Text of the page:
While she was growing up in the suburbs of Atlanta, the race in New England seemed far away, but Juli has wanted to run the Boston since she first discovered her love for running. “Once you enter the runner’s world, you start caring about the Boston Marathon. It’s a dream and a goal for every runner.”
A couple of years ago, Juli found a list of life goals she’d written during her sophomore year of high school. At the top of the list was “Run the Boston Marathon.” On April 15, 2013, she set out to make her dream a reality, but a ferocious act of terrorism prevented her from crossing the finish line and crossing that goal off her list.
The Perfect Spot
Shortly after Juli and thousands of other runners were stopped, they were evacuated from the marathon route and sent to the Boston Commons—about a mile away—without water to rehydrate or answers to their questions. People offered their mobile phones to runners, but the cellular networks were overloaded. Juli couldn’t reach her husband Blake or anyone else. And when she finally heard the news that there were explosions at the finish line, Juli’s first thoughts were of Blake, who was waiting there with her mother and her mother-in-law.
A few weeks prior to race day, Juli got an overwhelming feeling that something could go terribly wrong at the marathon. She couldn’t shake the thought and began to wonder if perhaps God was speaking to her. “I didn’t want to tell anyone because I didn’t want to freak them out,” Juli says. “The morning of the marathon, I still had this feeling. I thought, If this is the time God has chosen to take me home, that’s okay—I’m ready.” With news of the bombing, she realized her dread had come to life. As she made another unsuccessful attempt to reach her husband, she feared the worst—not for herself, but for Blake.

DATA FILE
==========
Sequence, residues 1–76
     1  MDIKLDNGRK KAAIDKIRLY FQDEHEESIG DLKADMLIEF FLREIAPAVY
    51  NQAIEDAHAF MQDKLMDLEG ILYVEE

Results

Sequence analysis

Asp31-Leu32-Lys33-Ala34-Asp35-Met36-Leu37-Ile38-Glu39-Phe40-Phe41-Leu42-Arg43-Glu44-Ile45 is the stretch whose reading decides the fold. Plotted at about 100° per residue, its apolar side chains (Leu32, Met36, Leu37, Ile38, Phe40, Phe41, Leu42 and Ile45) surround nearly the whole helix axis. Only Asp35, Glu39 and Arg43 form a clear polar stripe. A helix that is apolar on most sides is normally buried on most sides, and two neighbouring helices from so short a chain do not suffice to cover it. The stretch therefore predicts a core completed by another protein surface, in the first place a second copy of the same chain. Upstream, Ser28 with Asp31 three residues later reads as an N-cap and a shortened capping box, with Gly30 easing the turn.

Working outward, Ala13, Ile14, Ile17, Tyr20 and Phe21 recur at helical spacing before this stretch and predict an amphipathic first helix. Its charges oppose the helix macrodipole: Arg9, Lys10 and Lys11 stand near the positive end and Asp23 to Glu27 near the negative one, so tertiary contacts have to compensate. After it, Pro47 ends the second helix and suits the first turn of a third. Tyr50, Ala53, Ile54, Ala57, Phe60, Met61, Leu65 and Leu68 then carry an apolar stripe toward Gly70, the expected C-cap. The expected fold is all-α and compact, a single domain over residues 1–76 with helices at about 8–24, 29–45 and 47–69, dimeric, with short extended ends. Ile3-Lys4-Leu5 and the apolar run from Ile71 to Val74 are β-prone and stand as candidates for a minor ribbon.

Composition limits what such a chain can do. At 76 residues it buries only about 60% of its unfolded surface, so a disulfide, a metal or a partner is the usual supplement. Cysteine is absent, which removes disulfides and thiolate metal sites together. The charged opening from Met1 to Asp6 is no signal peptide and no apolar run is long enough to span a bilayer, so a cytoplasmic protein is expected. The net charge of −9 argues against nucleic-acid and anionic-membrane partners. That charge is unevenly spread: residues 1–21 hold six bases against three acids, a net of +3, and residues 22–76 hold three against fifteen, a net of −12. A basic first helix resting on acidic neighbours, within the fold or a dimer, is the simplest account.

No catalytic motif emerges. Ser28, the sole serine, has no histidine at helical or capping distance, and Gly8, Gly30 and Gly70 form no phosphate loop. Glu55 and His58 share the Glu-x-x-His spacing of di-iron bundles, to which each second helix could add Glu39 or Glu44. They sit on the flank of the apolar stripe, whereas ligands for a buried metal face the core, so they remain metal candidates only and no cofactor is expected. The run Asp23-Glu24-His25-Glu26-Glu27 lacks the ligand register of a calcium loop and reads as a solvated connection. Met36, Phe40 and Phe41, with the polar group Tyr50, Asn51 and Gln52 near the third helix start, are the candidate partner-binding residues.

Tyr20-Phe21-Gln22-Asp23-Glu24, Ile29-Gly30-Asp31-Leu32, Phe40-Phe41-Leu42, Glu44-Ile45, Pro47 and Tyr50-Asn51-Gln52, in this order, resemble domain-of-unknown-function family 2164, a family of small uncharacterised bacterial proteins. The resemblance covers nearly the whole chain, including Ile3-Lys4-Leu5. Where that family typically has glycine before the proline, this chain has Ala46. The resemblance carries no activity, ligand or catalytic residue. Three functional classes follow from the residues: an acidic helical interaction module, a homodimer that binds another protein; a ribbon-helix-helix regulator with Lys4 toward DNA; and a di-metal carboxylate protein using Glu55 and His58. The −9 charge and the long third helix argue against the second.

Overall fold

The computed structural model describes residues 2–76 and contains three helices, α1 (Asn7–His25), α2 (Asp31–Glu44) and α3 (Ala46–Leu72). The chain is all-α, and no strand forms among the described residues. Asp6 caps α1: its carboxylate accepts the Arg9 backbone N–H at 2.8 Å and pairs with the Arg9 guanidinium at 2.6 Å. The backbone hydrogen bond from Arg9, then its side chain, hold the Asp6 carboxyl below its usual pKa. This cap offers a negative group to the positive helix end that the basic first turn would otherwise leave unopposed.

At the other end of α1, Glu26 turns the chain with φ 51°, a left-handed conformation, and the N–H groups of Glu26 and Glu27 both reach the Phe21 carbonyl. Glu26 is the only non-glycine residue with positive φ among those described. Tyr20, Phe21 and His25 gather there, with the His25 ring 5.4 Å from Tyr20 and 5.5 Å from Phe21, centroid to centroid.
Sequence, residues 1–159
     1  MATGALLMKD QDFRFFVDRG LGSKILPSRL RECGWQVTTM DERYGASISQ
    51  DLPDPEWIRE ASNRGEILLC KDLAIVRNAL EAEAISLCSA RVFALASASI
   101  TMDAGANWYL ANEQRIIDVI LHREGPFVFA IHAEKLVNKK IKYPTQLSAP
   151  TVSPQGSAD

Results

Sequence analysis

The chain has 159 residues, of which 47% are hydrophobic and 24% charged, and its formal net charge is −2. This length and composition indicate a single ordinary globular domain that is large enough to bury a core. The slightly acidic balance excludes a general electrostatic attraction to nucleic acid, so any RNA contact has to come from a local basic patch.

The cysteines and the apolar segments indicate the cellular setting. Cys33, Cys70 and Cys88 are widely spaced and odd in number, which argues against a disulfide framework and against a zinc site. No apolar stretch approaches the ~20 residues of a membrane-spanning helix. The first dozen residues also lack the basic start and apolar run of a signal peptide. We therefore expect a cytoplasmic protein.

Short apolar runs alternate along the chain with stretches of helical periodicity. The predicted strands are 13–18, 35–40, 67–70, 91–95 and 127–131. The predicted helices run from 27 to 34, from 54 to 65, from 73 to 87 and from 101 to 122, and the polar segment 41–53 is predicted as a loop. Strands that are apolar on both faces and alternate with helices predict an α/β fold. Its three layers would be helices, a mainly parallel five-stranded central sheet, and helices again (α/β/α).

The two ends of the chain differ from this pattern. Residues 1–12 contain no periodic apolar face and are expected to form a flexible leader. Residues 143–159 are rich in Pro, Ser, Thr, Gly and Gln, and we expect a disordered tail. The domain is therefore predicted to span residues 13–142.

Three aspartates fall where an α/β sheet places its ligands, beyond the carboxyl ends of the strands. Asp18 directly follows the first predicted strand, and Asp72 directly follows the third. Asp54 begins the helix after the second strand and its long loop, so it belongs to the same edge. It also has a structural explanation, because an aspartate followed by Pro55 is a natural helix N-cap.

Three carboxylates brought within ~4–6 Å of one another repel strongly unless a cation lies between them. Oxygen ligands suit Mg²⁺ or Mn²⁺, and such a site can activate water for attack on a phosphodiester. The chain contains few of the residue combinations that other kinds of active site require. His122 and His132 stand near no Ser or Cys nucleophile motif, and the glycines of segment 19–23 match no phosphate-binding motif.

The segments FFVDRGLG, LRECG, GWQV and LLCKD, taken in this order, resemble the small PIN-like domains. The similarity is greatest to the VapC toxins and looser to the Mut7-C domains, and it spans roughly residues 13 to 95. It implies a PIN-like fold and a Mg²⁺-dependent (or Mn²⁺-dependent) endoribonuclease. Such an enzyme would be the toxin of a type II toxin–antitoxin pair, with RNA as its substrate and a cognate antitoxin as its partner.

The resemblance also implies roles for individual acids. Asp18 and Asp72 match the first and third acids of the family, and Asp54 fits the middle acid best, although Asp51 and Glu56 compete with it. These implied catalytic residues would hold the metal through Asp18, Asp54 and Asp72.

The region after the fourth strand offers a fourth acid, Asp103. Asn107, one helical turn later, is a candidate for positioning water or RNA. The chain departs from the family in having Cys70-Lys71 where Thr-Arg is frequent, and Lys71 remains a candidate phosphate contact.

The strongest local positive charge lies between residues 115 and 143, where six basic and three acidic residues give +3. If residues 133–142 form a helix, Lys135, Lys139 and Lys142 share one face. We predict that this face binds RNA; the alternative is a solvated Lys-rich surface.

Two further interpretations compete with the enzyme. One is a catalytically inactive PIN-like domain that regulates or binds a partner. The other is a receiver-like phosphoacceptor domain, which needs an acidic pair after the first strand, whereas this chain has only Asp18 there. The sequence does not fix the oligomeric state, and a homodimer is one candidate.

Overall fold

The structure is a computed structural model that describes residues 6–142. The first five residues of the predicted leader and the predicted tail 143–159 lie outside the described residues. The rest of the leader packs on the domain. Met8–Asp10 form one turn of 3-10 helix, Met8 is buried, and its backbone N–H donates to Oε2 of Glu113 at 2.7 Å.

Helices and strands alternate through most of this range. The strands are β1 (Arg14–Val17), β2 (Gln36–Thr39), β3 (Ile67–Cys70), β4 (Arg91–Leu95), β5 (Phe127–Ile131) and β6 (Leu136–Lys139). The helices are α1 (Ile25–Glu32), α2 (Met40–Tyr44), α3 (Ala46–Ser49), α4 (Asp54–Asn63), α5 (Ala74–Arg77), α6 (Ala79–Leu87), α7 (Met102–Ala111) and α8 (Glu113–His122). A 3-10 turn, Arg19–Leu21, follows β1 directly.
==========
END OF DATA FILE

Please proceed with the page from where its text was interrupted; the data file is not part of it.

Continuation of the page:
“I felt loved, and I knew He had a purpose for my condition. He has a purpose for the way He’s created each of us.”
That morning, amid her preparations for the marathon, Juli talked with Blake on the phone. He had found the perfect spot to watch his bride finish the biggest race of her life—to the left of the finish line. But Juli always runs on the right side of the road, so after some protest, Blake agreed to cross the street. Thankfully, he did. His original location was precisely where the bombs exploded later that day and where two people lost their lives.
Eventually, Juli was able to get in touch with Blake. He was safe, but in the commotion following the bombing, Juli’s mother was pushed to the ground. She was taken to a nearby hospital after suffering a broken shoulder and a black eye. But they were thankful; it could have been far worse.
Discovering God’s Purposes